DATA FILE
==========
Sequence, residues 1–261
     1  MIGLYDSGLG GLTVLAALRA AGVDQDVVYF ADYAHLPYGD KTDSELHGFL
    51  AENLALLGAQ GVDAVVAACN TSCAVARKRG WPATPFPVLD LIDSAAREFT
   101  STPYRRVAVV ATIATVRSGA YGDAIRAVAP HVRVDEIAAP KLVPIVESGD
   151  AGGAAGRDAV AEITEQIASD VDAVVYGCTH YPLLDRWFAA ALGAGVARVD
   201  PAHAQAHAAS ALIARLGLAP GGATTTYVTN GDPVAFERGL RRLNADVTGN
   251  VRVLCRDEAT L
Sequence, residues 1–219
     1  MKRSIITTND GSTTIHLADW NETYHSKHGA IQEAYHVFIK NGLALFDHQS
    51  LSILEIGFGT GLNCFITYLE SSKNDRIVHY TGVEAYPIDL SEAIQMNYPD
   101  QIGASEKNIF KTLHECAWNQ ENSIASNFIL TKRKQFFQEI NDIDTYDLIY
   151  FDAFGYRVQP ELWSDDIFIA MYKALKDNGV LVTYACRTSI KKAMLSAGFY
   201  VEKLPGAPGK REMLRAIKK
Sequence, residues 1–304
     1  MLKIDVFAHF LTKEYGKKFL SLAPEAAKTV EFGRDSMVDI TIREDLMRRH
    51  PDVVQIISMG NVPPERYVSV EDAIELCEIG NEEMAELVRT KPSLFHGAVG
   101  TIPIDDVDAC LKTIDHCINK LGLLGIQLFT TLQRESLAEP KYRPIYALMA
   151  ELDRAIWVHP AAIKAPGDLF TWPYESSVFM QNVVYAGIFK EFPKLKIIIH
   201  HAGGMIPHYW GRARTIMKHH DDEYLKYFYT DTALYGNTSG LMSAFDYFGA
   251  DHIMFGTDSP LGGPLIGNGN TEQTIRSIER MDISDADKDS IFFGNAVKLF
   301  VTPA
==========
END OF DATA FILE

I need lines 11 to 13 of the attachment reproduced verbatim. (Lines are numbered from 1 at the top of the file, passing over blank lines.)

   101  QIGASEKNIF KTLHECAWNQ ENSIASNFIL TKRKQFFQEI NDIDTYDLIY
   151  FDAFGYRVQP ELWSDDIFIA MYKALKDNGV LVTYACRTSI KKAMLSAGFY
   201  VEKLPGAPGK REMLRAIKK